The little greenie
In the Tucson Basin, there are two main native mesquites you will find growing in the wild--down in the washes and roadsides where water collects you will find the larger blue palo verde (Parkinsonia florida). Upon the drier, rockier soils of the foothills and banks the smaller and more rugged foothill palo verde (Parkinsonia microphylla) makes its home.
The foothill palo verde is not planted as often as the blue because it is rarer in the nursery trade, and because it is somewhat slower growing. But don't let this deter you--in our opinion, this is the best palo verde for many reasons.
Besides the fact that this species is more drought tolerant than its bluer counterpart, it also lives a lot longer and the trunk stays green (the blue palo verde will eventually develop a rough, brown bark which obscures the green trunk). And though the flowers are a somewhat lighter, more delicate shade of yellow than the other palo verde species, it is the tastier of the two.
Palo verde grows to about 10-20' tall and wide. The wide variability depends on the soil since many palo verdes are found in rocky soils, they will be somewhat stunted. Trees planted in nicer soils often found in landscapes with irrigation will grow taller, faster. Water them moderately unless you have some spots in the top zones, the driest part of your yard that you want to populate. Though palo verdes are prone to getting the grubs of the palo verde beetle (Derobrachus geminatus) they rarely succumb to any harm from them. Typically only sick trees are harmed by these amazing-looking beetles (one of the largest in our region). Even if they freak you out a little, please don't spray the grubs with that crap many garden centers will sell you--firstly, it doesn't prevent them from coming back, and for secondly, don't be an idiot and spray pesticide. You harm the good creatures along with the bad, you threaten the health of your pets and your family, so please...take a chill pill and DON'T SPRAY PESTICIDES.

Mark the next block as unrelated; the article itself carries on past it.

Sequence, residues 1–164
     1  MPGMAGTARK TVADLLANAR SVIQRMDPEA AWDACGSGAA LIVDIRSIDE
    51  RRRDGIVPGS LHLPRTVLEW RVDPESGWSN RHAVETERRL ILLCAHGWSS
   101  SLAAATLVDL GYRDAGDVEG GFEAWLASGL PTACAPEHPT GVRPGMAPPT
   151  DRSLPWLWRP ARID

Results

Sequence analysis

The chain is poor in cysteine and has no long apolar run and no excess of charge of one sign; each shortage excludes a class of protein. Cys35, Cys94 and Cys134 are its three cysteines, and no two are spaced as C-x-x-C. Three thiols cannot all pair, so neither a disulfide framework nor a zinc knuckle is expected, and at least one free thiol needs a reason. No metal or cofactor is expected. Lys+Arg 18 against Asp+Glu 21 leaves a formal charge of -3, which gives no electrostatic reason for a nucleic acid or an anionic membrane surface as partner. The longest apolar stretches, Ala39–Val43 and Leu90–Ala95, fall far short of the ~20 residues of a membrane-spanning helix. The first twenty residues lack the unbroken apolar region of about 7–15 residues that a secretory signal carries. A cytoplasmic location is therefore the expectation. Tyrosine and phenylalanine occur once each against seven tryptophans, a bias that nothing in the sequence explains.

Also this is an important plant for native bees and butterflies--on that subject, because it is pollinated primarily by native bees, it has sticky pollen. This means that even if you have been tested for palo verde pollen, it's not likely this is the allergen you are suffering from since it is not as airborne as many other types of pollen (look to grasses and dust as your main enemies, which during those windy springs when palo verdes are blooming, are much more likely to be the bane of your existence). Think about it, if your main pollinator is a bee, you don't want your pollen blowing in the wind, you want it sticking to your bug. So put away your allergen test results and learn some botany, and while you are at it, send your allergy specialist to me so I can school him or her on some basic botany.